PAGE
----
Chipotle original series Farmed and Dangerous was so successful, the brand already has another web project in the works.
“We’re in development on another series-based show, a 22-minute format which lends itself to TV but probably won’t have TV as a distribution point,” said Mark Crumpacker, chief marketing and development officer at Chipotle Mexican Grill, during a panel session, titled “Branded Video: Inside the Deals,” at the Stream Market conference in Santa Monica on Tuesday.
The restaurant chain, which launched the half-hour comedy on Hulu earlier this year, is also thinking of establishing a content fund that would allow the brand to continue to invest in similar projects. One episode of Farmed and Dangerous — a unique example of branded entertainment that the company is able to derive a long-term benefit from — allowed the show to become the second-highest rated show on Hulu, Crumpacker said.
Most fast-food restaurant chains will introduce a new menu item every 30 or 45 days, then promote it through advertising. “It’s extraordinarily expensive. Chipotle has never subscribed to that model,” Crumpacker said, adding their healthy-choice items (organic tofu, anyone?) don’t lend themselves as well to traditional, high-turnover advertising.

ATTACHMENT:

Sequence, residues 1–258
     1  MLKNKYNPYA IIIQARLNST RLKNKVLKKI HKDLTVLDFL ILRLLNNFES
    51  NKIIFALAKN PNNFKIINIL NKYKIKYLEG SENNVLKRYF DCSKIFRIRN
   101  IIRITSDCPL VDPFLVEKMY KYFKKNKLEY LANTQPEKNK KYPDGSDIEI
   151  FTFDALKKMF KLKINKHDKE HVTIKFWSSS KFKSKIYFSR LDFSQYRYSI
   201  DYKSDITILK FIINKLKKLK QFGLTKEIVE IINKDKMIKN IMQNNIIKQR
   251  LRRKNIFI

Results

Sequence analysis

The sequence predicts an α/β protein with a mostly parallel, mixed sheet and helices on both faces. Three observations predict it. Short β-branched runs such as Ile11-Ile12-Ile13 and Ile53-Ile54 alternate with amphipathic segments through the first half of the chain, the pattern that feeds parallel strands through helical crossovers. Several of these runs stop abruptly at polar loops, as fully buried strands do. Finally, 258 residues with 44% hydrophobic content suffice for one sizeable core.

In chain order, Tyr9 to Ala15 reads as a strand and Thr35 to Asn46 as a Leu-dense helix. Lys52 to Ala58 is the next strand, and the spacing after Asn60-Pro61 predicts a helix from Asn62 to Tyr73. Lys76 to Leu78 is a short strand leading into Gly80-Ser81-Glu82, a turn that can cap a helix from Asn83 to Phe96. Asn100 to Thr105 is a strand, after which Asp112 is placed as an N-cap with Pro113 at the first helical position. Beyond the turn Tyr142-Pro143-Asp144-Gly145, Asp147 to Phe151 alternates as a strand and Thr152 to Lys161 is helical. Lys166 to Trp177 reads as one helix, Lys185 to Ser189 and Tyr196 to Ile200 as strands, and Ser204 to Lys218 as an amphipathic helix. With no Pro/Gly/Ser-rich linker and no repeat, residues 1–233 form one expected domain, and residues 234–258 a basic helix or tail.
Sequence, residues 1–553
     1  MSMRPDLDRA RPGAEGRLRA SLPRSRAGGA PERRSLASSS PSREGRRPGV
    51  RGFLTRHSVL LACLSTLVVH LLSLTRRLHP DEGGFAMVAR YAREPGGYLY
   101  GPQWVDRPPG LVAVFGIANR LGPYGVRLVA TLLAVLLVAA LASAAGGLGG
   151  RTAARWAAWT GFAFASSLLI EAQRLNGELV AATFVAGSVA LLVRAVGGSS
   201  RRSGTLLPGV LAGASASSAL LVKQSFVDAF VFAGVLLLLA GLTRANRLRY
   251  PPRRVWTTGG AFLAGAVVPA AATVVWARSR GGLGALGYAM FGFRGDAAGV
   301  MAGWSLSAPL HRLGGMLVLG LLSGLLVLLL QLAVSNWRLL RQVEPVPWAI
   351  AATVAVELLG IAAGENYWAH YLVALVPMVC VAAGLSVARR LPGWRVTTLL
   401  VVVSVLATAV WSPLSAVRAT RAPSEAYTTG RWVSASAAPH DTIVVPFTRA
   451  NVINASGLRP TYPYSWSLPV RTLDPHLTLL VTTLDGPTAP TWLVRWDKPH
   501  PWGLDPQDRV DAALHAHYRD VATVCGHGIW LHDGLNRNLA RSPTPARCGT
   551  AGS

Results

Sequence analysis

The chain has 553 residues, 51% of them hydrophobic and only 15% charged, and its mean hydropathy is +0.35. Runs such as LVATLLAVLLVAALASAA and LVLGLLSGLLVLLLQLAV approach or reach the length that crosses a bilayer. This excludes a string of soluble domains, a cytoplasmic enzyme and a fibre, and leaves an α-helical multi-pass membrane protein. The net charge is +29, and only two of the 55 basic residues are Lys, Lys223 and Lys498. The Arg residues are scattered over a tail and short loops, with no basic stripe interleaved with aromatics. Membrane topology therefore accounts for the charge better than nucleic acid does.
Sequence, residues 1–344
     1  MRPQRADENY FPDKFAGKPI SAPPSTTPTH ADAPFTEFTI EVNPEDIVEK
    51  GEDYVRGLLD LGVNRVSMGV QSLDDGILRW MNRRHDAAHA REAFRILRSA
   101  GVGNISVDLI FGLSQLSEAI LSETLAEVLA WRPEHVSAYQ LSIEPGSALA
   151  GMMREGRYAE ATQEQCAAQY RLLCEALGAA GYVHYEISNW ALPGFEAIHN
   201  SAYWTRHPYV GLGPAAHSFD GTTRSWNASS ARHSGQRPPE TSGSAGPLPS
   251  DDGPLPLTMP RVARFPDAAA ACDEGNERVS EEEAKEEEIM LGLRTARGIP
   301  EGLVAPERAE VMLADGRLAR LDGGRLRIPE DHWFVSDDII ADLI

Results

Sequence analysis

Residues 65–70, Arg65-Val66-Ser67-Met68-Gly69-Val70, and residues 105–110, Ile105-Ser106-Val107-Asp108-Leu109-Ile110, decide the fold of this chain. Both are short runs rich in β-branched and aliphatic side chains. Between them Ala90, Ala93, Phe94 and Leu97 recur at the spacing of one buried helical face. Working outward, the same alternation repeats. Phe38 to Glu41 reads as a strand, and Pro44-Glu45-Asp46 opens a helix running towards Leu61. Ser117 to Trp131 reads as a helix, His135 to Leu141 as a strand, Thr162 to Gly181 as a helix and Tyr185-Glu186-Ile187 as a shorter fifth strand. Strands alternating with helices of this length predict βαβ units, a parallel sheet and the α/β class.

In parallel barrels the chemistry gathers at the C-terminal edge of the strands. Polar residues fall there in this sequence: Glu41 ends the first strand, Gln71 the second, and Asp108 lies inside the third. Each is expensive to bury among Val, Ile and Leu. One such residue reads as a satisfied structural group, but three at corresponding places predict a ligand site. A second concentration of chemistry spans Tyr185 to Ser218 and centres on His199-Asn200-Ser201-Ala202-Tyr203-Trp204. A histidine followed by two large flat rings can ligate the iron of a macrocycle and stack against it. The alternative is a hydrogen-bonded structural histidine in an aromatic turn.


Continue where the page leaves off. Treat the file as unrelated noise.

The overarching goal of its branded content projects is to change the way people feel about food. An added benefit, however, is that Chipotle is also able to monetize that entertainment, for example, by selling the format overseas.
“Chipotle is getting paid to distribute that content in territories where they have restaurants,” said panelist Daniel Rosenberg, founding partner of Piro Entertainment, which co-produced the series with Chipotle. “They’re getting paid for their marketing essentially in those territories (such as the U.K. and Canada). I think that’s novel.”
One of Rosenberg’s favorite parts about Farmed and Dangerous is that Ben and Jerry’s paid to feature its products in the show.
“It may be the first time one brand bought ads inside of another’s branded entertainment,” said Rosenberg. “I’d like to see more of that.”